Shorter chop better for silaging in dry weather

Recent dry weather could pose a problem for many units as they head towards first-cut silage, with potentially high dry matter silages leading to aerobic instability.


To counter this, Colin Shorrock of the Denis Brinicombe Group suggests silages may benefit from shortening chop length to aid ensiling. “Clamps should be filled quickly with plenty of thin layers and be rolled regularly to ensure sufficient consolidation of grass.” But Dr Shorrock reminds producers not to chop too short, as this can affect digestibility.


John Allen of Frank Wright agrees and says recent suggestions over increasing chop length should be treated with caution. “Increasing chop length can reduce the risk of sub-acute acidosis, but longer chop length is contrary to best silage making practice and the drive to maximise total dry matter intakes.


Poor fermentation







SILAGE CHOP LENGTH


  • Aim for less than 20mm

  • Long chop lessens intakes

  • Short chop aids consolidation


“Longer chop-length material is more difficult to consolidate, increasing the risk of poor fermentation. And this is particularly true of dry silages, which are likely to be a common feature of this year’s warm spring. Recent history shows silage dry matter is increasing, averaging 31.7% in 2005 compared with 35.5% in 2006.”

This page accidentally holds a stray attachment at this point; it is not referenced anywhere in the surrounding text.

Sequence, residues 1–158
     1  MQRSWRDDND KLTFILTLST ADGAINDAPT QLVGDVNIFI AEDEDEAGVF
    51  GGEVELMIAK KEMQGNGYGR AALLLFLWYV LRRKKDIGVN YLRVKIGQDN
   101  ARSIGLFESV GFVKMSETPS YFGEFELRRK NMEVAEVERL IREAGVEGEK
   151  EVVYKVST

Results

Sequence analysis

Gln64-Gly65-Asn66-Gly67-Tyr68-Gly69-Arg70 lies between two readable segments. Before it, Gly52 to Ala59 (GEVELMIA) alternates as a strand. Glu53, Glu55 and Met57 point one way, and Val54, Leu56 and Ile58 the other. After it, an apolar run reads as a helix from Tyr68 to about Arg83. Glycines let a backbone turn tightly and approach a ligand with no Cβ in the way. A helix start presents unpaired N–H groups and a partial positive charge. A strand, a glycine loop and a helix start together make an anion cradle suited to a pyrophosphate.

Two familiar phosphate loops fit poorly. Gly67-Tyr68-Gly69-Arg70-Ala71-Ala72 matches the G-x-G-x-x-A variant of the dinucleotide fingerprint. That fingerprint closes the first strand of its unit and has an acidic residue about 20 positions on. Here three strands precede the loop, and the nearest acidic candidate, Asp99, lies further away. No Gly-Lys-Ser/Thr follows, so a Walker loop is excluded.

Dr Allen adds that feeding longer-chop material can be problematic,as it tends to stay in the rumen longer, slowing digestion and depressing appetite and hence total dry matter intake. “Farmers shouldn’t increase chop length when silage dry matter is predicted to be about 30%.


“Should the season turn wet and expected dry matter fall below 25%, then there may be a benefit in making some longer-chop silage, provided clamps are well consolidated and sealed.”


And while Dr Allen is keen not to give a definitive chop length, he suggests farmers should aim for material under 20mm long rather than the 25mm much grass is cut to at the moment.


Looking at the need for additives he believes grass analysis and cover levels suggest they could be a worthwhile investment this spring. “Sugar levels are particularly low in grass shut up for silage, with samples so far averaging 1.5% sugar and 18% dry matter. Protein levels are equally low at 20.6% and nitrates, which many people would expect to be high given the lack of growth this year, are running at 284mg/kg compared with the accepted danger point of 1000mg/kg.”


With sugar levels low, he says additives could be vital to ensure good silage fermentation early in preservation. And with light first-cut crops likely, he advises using an additive to improve digestibility.


To ensure effective consolidation and fermentation, Dr Shorrock recommends using direct-cut grass for the last few loads on clamps to add extra weight and aid compaction. “Alternatively, finish the clamp witha layer of brewers’ grains or anything wet and dense to exclude air.”